A Chapter from my Book ‘PATIENTS FROM HEAVEN’
Mrs. Sparrow’s Beak
My eldest daughter Sarah was learning to play the violin. Her music teacher was Mrs. Sparrow.
My mother always told us that we were a ‘musical’ family. Except that we lived in the county of Norfolk. Here, when I was a youngster, we all spoke with a Norfolk accent, which had some amusing aspects to it. Beautiful was pronounced ‘bootiful’, and this was taken up by a local man who himself had a Norfolk accent and had ‘made millions’ breeding and processing turkeys. Most of his advertisements had ‘BOOTIFUL’ displayed somewhere, and in his television commercials he himself would smile and say “Bootiful”. However, at school, boys would often look at another chap’s girlfriend and say, “She is absolutely bootiful,” and they would grin and emphasise the boot. Not a compliment!
I have two nieces who spent much of their childhood in the Manchester area, and at times, when they were younger, our Norfolk accent caused a certain degree of mirth. Well, it would, wouldn’t it? One member of our family told them that when she went to church, she sat in a ‘poo’, and I noticed that they turned their faces away as they couldn’t help but smile. But worse was to come when this was followed by, “And I don’t just sit in any ‘poo’ – I always sit in my own ‘poo’!” Did I just mention mirth?
I digress. As I was saying, my mother always said that we were a ‘musical’ family, only she said ‘moosical’ of course, and so did I. “Your grandmother plays the church organ and sings in the choir, and your Uncle David plays the church organ. It’s because we’re moosical,” she explained. A friend of mine said he could see in his mind each member of our family having a large clockwork key in their back, such that people could wind us up, and release us to produce music. I could go on at length.
But Sarah was having violin lessons, which was no less than my mother would have expected, of course. I did not really play any instrument myself as my parents were not in a position to pay the necessary fees, but my mother did buy a secondhand piano for five pounds, showed me which note was ‘G’ both on the piano and on some sheet music, and after a few weeks I could play a recognisable Swanee River. These days I play (sort of) guitar, crudely strumming chords and trying to sing loudly enough to cover any dischords. But Sarah was being taught by a proper music teacher, to play the violin, and properly.
Sarah’s violin teacher was called Mrs. Sparrow, and she was also a patient of mine. She was a very pleasant lady, and Sarah liked her too. It was rather silly of me, but when Mrs. Sparrow had been in for a dental check-up, and we were having supper as a family in the evening, I would say to Sarah,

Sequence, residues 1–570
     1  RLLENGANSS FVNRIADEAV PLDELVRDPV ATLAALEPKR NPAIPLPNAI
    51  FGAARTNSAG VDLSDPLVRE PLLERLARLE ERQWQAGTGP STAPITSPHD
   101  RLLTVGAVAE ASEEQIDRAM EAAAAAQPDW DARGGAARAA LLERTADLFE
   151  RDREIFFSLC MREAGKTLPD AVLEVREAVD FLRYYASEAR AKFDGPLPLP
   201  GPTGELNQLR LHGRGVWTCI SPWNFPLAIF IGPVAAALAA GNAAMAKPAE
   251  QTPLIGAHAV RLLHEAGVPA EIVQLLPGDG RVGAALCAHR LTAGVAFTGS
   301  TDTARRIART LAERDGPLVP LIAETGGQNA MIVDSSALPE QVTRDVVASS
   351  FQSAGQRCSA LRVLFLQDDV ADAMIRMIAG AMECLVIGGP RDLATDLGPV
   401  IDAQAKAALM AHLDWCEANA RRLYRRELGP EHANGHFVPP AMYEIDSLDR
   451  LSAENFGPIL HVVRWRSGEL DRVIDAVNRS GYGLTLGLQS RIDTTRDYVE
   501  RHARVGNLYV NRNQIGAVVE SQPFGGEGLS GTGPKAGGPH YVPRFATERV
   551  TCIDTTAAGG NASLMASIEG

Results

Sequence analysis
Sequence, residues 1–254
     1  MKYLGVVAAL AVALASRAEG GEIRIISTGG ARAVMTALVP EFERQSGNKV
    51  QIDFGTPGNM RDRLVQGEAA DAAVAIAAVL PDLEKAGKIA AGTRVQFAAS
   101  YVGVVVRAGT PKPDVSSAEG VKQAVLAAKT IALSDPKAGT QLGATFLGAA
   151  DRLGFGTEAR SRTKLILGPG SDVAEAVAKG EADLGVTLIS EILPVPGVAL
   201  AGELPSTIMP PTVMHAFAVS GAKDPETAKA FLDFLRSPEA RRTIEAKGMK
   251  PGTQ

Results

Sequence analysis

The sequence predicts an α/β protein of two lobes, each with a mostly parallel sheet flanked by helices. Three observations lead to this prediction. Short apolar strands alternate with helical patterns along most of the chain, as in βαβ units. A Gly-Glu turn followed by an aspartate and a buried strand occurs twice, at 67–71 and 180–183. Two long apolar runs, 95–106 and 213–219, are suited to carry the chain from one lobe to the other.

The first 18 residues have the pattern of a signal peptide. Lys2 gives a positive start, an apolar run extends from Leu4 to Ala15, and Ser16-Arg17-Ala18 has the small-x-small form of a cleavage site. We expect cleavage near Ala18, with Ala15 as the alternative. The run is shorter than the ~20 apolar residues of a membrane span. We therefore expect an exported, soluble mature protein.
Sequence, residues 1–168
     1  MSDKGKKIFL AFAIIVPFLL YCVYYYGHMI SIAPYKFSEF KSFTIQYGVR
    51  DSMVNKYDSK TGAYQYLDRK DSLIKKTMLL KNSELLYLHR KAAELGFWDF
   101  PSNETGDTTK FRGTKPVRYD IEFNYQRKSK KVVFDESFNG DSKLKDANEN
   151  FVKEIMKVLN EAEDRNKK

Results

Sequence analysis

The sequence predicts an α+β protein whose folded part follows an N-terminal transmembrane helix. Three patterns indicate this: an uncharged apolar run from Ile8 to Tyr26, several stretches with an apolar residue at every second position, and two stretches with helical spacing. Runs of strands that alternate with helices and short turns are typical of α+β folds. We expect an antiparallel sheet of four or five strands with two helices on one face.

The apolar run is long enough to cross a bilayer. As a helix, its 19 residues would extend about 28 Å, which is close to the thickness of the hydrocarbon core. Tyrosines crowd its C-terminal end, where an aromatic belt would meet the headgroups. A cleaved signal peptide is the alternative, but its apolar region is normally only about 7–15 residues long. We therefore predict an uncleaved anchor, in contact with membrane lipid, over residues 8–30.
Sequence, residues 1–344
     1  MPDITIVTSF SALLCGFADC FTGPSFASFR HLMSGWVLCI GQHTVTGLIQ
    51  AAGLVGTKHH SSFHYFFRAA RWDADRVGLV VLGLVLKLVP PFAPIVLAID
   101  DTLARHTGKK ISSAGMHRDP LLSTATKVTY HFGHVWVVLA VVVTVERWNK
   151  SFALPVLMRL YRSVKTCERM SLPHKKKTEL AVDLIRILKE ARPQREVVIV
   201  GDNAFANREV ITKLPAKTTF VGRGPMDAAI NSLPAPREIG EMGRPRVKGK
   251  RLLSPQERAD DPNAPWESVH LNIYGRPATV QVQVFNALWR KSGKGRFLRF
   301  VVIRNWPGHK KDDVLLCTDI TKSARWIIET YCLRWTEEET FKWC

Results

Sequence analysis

“By the way Sarah, your violin teacher came in today to have her beautiful beak checked out!”
Sarah would grin broadly, and her younger sisters would listen in and try and work out why it was funny. I don’t think my wife was very amused at such humour, and the day came when her caution on such matters proved prudent. But I’ve always been a bit silly at things like that.
Anyway, the situation changed. Mrs. Sparrow came in for what I told Sarah was a ‘beak inspection’, and informed me that when she next came to see me in six months time, she would no longer be Mrs. Sparrow. She was getting married again, and her new name would be Mrs. Brown. I duly noted this on her dental records, and saw that reception made her next appointment in her new name.
“Oh dear, Sarah,” I sighed that evening over family supper. “I won’t be able to check your violin teacher’s beautiful beak in future. When she comes back to see me in six months’ time, she won’t be a Sparrow anymore – she’ll be a Brown.”
Sarah didn’t know that Mrs. Sparrow was getting married, and seemed highly amused at what I had said.
Now, I had made it perfectly clear to Sarah that because of patient confidentiality, she could never tell Mrs. Sparrow what I said about her and her beak over our supper table! But Sarah found this new, changing situation simply too much to keep to herself. She realised that she couldn’t tell Mrs. Sparrow about her impending marriage resulting in loss of beak inspection, but could not keep completely quiet about this amusing item of news.
So Sarah decided to tell her form mistress at school, because she liked her and she smiled a lot and went to a church just along the road from where we lived. Surely her form mistress would really enjoy the joke and be able to keep it to herself, thought my ten-year old daughter.
“Sh!” said Sarah to her form mistress. “I have a violin teacher called Mrs. Sparrow, and she’s going to get married, and then she’ll be called Mrs. Brown. My dad is her dentist, and he says it’s all very sad, because he won’t be able to inspect her beautiful beak any more.”
The teacher did not laugh. In fact she looked quite upset at first by this revelation, and was quiet for a moment. Sarah wondered whether she should have kept silent.
“Then I’m glad that your father is not my dentist,” she finally said, and turned away smiling.
Sarah’s form mistress was called Mrs. Finch!
All my books are available at www.amazon.co.uk (UK) and www.amazon.com (North America) and all good book shops.